If you've gone a little overboard, it's time for teas and herbal infusions

Tea Party

by Rebecca Goldschmidt

For many of us, this is a time of year for healing, growth and the reintroduction of ritual to everyday life. Luckily, all of these needs can be accomplished by heating up a kettle of water. At the Random Tea Room, we believe that there are an abundance of herbs and teas that can improve day-to-day existence. 

First, know the difference between true tea and herbal infusions. All tea comes from the same plant, camellia sinesis. The various ways it’s processed lead to the vast array available, which is also influenced by where the tea was grown, the altitude, rainfall, season it was plucked, and even drying and fermenting processes. In contrast, medicinal herbs come from many genera and species of flora that make each unique. When water is added to herbs, it’s referred to as an infusion.

Be mindful of the water needs of your tea or infusion of choice. Black and red teas tolerate being steeped with water just shy of boiling; overly hot water loses oxygen, which makes a flat tasting brew. Green and white teas are best with spring water at cooler temperatures (around 170 F) to prevent scorching and bitterness. 

Most herbal infusions benefit from high temperatures and long steep times, especially hardy roots. Herbs, unlike teas, which can become bitter when steeped too long, have less tannic content, and therefore can steep for extended periods or multiple times. At the Random Tea Room, we leave the herbs in the cup and serve with a filtered straw called a bombilla, traditionally used in drinking yerba mate.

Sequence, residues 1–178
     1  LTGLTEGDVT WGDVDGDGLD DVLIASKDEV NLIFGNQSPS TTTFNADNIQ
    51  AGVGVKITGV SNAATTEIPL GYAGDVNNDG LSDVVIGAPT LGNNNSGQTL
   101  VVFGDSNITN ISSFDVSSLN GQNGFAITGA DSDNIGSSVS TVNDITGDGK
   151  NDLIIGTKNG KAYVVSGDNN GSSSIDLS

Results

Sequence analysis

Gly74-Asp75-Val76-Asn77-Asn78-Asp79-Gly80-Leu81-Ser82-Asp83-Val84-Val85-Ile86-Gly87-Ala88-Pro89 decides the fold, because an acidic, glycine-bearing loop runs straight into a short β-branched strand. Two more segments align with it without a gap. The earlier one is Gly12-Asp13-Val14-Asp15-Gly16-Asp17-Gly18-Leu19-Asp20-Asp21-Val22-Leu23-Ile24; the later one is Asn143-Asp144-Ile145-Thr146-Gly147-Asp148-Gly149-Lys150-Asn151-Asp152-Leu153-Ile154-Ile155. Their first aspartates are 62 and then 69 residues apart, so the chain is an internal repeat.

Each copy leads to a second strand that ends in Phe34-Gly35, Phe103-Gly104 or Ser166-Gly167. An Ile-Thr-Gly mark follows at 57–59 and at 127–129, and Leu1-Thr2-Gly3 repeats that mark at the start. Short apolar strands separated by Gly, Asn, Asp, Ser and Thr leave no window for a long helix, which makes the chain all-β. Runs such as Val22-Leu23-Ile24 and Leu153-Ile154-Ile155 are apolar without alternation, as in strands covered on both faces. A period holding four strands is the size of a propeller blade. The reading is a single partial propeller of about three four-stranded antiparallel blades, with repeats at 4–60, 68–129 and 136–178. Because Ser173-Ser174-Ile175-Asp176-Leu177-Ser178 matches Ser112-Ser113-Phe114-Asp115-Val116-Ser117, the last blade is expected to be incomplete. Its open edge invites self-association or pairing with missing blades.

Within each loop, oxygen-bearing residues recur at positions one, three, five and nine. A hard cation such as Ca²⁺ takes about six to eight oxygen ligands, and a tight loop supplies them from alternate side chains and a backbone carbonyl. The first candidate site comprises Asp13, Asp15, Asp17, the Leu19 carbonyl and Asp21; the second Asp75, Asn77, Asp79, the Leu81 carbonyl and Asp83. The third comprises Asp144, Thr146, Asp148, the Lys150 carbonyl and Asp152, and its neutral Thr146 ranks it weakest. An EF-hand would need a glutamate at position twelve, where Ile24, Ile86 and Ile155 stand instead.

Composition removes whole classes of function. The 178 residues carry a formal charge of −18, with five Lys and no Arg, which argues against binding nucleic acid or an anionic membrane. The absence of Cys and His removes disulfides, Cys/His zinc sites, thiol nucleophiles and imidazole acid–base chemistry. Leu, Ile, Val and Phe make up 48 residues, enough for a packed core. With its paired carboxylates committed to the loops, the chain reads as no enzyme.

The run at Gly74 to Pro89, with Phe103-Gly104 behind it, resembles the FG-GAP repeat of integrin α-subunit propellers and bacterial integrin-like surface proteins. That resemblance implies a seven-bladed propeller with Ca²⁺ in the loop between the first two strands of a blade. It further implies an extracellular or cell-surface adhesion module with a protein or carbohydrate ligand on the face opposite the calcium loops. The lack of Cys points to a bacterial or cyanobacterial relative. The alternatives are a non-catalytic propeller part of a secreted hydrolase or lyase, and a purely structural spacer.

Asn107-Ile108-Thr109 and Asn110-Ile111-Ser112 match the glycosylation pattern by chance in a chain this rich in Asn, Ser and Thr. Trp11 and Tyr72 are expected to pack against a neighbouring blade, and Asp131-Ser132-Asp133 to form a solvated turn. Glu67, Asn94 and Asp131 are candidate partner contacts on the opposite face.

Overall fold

Here are some of our favorite teas and infusions if you've gone a little overboard.

Overdrinking

Rejuvenator Infusion: This blend of yerba mate, peppermint, lapacho, licorice, kudzu and fresh ginger is designed to put a spring back in your step. The mate has a compound similar to caffeine, and lapacho may reduce inflammation. An important ingredient in this blend is kudzu root, in which daidzein and daidzin are the main compounds that may curb alcohol cravings, according to some studies. 

Teatotaler's Toddy: A combination of tulsi, kudzu, licorice, marshmallow, slippery elm and honey make an excellent alcohol-free hot toddy.

Overeating

Belly Blend Infusion: A soothing blend of peppermint, wild yam, chamomile, fennel, licorice and ginger for upset stomachs. If you suffer from acid reflux, order a custom blend without peppermint, which may relax the esophageal muscles and worsen the situation. 

Pu-erh: During the fermentation process used to make pu-erh tea, it develops living enzymes that can help aid digestion. This is one of the oldest forms of tea.

Overthinking

Simmer Down Infusion: A blend of chamomile, lemon balm, motherwort, peppermint, lavender and passionflower designed to assist the body in alleviating stress and worn nerves. 

Kava Kava: This is a ceremonial drink in the South Pacific. Its main compounds, known as kavalactones, have in some studies been shown to improve feelings and emotions, but consult your doctor if you have a liver condition. The kavalactones break down when your water is hotter than 160 F, so be mindful when brewing. 

Rebecca Goldschmidt is the proprietress of the Random Tea Room, a tea shop and art and music space in Philadelphia.